4.2 Open Access Advocacy

Open Access Advocacy is considered as one of the significant strategies to promote open access. Other two strategies, as given by Swan (2012), are policy-oriented and infrastructure development. These three strategies are pursued at institutional, national, regional and international level. Text Box 4.1 gives you an understanding how  open access advocacy can be planned, designed and implemented for promoting OA in your respective institution, country and region.

4.2.1 International Open Access Week – Global Celebration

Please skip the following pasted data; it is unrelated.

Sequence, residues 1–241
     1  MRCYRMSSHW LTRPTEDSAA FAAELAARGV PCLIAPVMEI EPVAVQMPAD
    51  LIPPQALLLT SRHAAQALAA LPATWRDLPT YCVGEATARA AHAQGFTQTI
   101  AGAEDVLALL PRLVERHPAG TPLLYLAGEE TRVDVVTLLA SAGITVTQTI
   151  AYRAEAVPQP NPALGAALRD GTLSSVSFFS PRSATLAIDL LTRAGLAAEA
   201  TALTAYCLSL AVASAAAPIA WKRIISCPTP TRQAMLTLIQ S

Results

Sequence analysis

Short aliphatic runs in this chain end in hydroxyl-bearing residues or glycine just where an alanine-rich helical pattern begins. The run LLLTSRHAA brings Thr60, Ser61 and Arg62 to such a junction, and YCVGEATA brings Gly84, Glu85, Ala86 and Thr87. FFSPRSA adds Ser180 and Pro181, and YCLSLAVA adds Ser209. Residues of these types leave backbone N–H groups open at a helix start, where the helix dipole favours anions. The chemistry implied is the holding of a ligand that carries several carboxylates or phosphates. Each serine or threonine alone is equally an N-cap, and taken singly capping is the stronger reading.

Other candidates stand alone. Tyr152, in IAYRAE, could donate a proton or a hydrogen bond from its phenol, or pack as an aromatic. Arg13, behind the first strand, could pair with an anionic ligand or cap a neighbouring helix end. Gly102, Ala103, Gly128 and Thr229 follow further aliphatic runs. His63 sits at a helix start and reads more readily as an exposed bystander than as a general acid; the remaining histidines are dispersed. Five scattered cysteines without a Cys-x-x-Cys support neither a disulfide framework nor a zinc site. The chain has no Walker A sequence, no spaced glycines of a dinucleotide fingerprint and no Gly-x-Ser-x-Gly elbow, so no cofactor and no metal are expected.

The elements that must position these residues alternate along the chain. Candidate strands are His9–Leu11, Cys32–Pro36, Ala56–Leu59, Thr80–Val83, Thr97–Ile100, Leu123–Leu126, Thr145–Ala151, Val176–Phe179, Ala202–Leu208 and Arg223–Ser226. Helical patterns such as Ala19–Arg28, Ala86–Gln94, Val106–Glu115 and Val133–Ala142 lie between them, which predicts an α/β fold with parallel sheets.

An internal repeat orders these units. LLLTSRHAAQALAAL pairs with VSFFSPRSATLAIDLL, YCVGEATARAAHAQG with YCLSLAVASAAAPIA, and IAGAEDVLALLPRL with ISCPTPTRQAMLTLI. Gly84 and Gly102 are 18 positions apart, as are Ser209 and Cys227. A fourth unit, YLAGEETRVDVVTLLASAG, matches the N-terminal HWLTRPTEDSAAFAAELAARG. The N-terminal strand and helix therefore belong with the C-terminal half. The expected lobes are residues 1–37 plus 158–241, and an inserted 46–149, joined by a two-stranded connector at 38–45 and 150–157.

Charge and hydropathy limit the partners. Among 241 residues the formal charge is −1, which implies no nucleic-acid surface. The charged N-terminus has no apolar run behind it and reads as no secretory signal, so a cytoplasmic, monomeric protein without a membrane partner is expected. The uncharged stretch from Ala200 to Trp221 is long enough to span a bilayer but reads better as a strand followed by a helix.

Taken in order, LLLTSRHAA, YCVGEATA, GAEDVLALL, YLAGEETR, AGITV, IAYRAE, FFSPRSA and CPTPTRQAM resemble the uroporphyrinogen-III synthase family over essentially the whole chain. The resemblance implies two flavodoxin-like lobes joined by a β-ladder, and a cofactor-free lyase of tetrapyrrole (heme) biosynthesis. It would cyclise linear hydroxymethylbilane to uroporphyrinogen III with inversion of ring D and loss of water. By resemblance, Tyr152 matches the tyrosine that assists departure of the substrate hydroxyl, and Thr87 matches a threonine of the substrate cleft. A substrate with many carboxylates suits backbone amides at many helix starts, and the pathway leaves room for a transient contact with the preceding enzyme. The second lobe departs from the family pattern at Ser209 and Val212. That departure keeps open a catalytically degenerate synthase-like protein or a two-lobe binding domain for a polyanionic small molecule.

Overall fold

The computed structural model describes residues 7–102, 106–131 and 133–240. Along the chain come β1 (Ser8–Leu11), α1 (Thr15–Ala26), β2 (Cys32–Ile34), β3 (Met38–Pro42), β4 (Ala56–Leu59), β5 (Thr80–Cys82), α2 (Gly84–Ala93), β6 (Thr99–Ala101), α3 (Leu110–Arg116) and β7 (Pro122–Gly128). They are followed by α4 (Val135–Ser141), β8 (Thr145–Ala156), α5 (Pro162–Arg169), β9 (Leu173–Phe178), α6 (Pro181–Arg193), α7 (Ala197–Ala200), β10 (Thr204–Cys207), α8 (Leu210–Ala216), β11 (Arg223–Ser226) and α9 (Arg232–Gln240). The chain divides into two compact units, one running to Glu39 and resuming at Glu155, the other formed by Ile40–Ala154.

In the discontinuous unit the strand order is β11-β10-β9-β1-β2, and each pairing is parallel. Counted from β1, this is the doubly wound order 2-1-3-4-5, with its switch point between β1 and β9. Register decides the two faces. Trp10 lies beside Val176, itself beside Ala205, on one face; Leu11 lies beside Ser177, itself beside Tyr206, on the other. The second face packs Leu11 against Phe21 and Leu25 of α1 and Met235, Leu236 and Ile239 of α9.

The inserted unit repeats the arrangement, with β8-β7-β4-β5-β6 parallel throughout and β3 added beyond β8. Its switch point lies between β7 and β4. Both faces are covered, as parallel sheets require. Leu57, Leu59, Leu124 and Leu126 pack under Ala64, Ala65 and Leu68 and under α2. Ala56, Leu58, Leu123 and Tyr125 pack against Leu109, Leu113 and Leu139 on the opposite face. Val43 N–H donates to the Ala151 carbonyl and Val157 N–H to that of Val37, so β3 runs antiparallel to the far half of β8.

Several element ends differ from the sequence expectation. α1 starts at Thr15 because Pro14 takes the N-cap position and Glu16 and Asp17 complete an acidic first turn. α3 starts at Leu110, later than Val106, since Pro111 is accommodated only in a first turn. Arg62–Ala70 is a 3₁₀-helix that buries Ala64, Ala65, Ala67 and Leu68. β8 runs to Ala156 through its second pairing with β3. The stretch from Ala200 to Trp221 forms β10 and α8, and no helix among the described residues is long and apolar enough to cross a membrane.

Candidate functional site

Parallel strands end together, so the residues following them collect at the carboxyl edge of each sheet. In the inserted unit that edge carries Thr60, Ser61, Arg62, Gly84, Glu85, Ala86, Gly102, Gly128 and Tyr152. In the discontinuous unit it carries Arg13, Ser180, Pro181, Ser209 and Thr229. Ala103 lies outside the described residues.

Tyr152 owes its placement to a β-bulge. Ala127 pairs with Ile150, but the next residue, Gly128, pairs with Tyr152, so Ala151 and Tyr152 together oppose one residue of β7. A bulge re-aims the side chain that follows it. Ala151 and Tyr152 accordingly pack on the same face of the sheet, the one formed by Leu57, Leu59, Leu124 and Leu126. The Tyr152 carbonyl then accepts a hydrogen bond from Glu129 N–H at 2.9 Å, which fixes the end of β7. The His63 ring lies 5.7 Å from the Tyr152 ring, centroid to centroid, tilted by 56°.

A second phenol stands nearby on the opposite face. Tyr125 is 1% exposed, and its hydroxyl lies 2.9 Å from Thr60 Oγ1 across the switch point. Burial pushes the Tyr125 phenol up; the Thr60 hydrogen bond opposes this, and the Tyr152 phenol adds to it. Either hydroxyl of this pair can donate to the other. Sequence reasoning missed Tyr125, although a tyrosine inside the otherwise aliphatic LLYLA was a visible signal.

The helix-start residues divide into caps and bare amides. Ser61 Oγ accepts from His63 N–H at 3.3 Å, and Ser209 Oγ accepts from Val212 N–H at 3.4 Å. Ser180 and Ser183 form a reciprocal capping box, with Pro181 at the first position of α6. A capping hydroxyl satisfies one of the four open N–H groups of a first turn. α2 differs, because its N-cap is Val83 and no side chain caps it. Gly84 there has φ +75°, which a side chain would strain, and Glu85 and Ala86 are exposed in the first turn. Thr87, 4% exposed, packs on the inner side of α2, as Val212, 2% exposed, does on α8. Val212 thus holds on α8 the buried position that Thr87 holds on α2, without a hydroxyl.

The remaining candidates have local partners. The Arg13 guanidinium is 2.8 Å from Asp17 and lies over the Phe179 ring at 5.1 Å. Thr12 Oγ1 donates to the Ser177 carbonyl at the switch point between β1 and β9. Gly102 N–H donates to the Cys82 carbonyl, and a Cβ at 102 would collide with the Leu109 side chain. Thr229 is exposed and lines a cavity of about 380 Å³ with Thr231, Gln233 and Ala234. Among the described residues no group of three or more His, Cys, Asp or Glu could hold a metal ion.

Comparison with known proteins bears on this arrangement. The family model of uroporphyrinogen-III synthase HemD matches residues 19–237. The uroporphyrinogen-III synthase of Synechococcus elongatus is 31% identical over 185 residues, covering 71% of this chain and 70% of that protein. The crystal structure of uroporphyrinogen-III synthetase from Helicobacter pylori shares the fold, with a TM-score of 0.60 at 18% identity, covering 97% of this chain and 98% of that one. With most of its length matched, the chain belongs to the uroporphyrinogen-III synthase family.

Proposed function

The International Open Access Week, initiated in 2008 by the Public Library of Science (PLoS), is celebrated worldwide every year in the month of October for  advocacy, policy campaign, promotion and awareness raising on issues related to open access to scholarly literature, open science data and self- archiving. There are  instances of stakeholders’ participation in events around the OA Week and their interactions help them in clearing doubts of the audiences and prospective OA  contributors. This Week also helps in engaging students, young learners, young scholars and early career researchers for attracting them in creation and utilization of  open access literature. Many intergovernmental agencies such as United Nations, UNESCO, World Bank, Food and Agriculture Organization (FAO) and several  international civil society organizations have been celebrating OA Week globally as well as locally for actively promoting OA knowledge resources produced by them  and their partner organizations. Figure 4.1 shows website of the International Open Access Week available at OpenAccessWeek.org. This website is being supported  by the SPARC (Scholarly Publishing and Academic Resources Coalition) and few other OA advocacy organizations. This website aggregates list of OA Week events  organized around the world, videos, photos, promotional pamphlets and brochures, e-groups, social media posts, blog posts, news, tools, merchandises and other  resources helpful to OA stakeholders and practitioners. This website has also created promotional materials for outreaching to different target audiences. Some popular  titles of international handouts are namely: